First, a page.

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Rushworth Composition Prize Winners

The Rushworth Composition Prize in association with the Rushworth Foundation was established in 2015 during the Royal Liverpool Philharmonic’s 175th anniversary year, and forms part of the organisation’s continuing commitment to the commissioning and performance of new music as well and supporting home-grown talent.

Previous recipients of the Prize are now composing, arranging and conducting for national organisations, including BBC Proms, BBC Radio 3. BBC Radio 4, Cheltenham Music Festival and the Edinburgh Fringe. Works and arrangements by three of the winners were recently performed at the launch of mezzo-soprano Jennifer Johnston’s residency at Liverpool Philharmonic in September 2019 with a programme of songs dedicated to Liverpool.


Samuel Kane (2023)

From a farm in Northern Ireland, Sam grew up with a love for classical and traditional Irish music. He was presented with the Northern Ireland Young Musician of the Year award before moving to Manchester where he studied violin with Cecily Ward at the Royal Northern College of Music. Sam was leader of the Ulster Youth Orchestra and has enjoyed playing with Ulster Orchestra and Manchester Camerata. Sam performed Bruch’s First Violin Concerto with the Manchester Beethoven Orchestra and was awarded the RNCM Norman George violin prize after performing works including one of his own compositions. Sam has performed recitals at UK and Ireland Festivals such as Clandeboye, Charles Wood, Enys, Blackwater Valley Opera, Belfast International Music Festival, and Harp Ireland.

Sam is passionate about composing and performing new music – particularly music that combines his two favourite genres: neo-romanticism and Irish traditional. He was commissioned to write a piece for the Belfast-based Hard Rain Soloist Ensemble, and this year was selected to play alongside them as a HRSE Featured Young Artist. Sam has studied composition with Neil Martin and Steven Daverson, as well as having lessons with one of his favourite composers, Caroline Shaw, at the Stauffer Centre for Strings, Cremona. Sam performed his own violin compositions at Wigmore Hall, Leighton House, and St James’ Palace, London, as well as collaborating with pianist Ruth McGinley on BBC Radio Ulster’s Classical Connections programme. One of Sam’s larger works (premiered by soprano Zoë Valleé and the Carme Ensemble) was broadcast on Classic FM, winning Classic FM’s ‘Big Platinum Performance’ prize. Sam is now in his final year of Masters at the RNCM, and is kindly supported by the Irish Heritage Homman Potterton Bursary and Help Musicians Postgraduate Awards.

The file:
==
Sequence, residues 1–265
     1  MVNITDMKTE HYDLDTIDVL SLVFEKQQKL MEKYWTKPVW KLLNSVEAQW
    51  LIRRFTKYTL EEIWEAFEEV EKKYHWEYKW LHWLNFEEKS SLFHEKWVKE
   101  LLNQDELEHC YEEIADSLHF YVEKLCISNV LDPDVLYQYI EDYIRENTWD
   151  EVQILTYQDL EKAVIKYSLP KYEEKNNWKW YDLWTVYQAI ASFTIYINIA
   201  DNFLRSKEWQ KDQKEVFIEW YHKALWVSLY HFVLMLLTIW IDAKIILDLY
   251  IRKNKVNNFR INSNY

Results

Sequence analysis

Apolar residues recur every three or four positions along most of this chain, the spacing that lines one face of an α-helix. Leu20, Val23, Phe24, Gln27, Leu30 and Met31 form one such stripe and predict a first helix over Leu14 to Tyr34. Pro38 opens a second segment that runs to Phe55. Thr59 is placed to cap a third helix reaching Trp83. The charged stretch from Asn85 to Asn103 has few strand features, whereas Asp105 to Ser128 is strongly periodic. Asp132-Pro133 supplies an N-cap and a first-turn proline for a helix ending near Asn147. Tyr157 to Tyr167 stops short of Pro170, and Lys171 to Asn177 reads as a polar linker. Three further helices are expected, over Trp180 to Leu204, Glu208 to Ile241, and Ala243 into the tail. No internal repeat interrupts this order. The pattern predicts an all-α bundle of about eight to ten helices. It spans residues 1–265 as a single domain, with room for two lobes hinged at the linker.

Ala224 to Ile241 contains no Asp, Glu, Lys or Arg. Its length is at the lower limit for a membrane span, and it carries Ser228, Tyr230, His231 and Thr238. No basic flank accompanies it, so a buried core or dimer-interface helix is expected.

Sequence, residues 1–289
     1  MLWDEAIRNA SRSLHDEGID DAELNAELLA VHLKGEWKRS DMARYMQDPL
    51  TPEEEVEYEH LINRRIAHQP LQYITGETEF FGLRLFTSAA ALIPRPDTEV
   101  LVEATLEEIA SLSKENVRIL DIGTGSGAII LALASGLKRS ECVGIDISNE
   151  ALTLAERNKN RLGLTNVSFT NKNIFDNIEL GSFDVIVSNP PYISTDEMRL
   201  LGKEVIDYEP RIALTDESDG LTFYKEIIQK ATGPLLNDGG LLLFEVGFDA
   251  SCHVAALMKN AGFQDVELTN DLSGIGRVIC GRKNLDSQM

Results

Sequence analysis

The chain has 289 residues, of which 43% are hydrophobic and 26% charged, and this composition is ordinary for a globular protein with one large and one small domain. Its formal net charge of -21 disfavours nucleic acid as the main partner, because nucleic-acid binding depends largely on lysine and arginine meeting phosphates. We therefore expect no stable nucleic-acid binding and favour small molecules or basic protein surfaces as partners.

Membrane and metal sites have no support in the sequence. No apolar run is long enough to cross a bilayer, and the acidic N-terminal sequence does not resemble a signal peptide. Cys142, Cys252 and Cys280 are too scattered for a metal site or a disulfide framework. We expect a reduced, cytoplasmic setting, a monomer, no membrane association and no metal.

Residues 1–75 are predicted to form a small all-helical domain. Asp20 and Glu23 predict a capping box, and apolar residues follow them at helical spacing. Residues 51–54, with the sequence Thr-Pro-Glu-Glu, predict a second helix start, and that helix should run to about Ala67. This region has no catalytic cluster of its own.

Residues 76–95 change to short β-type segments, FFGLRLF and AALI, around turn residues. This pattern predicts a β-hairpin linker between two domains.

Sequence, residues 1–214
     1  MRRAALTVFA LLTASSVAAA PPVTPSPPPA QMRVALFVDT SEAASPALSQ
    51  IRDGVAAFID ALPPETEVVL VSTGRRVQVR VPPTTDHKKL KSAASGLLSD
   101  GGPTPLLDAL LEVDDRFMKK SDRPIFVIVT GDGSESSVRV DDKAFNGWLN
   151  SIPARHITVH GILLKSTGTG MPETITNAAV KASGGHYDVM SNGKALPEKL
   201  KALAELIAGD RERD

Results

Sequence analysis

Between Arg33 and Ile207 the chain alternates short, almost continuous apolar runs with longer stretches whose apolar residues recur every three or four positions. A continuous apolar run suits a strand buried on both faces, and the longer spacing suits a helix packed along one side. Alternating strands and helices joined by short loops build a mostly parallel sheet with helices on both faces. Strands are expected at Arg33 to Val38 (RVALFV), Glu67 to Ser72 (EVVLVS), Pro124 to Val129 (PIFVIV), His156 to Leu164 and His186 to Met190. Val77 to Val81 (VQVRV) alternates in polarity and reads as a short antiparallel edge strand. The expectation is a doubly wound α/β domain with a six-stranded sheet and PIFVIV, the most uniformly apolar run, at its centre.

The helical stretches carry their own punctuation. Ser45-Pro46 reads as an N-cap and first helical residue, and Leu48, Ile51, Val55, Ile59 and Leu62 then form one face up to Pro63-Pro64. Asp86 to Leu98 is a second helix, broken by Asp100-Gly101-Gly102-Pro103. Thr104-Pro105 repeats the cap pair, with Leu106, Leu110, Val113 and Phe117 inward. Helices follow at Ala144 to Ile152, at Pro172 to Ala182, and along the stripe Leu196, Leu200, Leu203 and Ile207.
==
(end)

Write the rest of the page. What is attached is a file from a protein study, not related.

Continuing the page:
Christopher Cook wearing a blue shirt with his arms crossed looking into the camera

Christopher Cook (2022)

Christopher Cook is a composer for classical ensembles and media based in Manchester, UK. His music has been performed internationally, including in the US by the Dallas Brass Band (the first section champions) and in MediaCity, Salford, UK by the BBC Philharmonic, conducted by Elena Schwarz. He is the 2022 winner of the Brookwright International Brass Band composition competition and Paul Hindmarsh, one of the adjudicators, described his work as ‘imaginative, colourful, and thoroughly engaging’. In 2021, he was a finalist in the John Armitage Memorial Prize and in 2022, he was an RNCM Gold medal finalist and was awarded the Rosamond Prize for his collaboration with the poet Katherine Collins.

In 2020, he received a scholarship to the Royal Northern College of Music thanks to the Richard Newitt Fund, completing a composition masters under Adam Gorb and Emily Howard. He has since worked with many professional ensembles and performers including the Villiers Quartet, Onyx Brass and more recently, Ausiàs Garrigós Morant and the BBC Singers. He has also written the soundtrack to several internationally released feature films including Code of Silence (2021) starring Stephen Moyer, Wolves of War (2022) and the award-winning animated short Skeleton of a Moth (2021).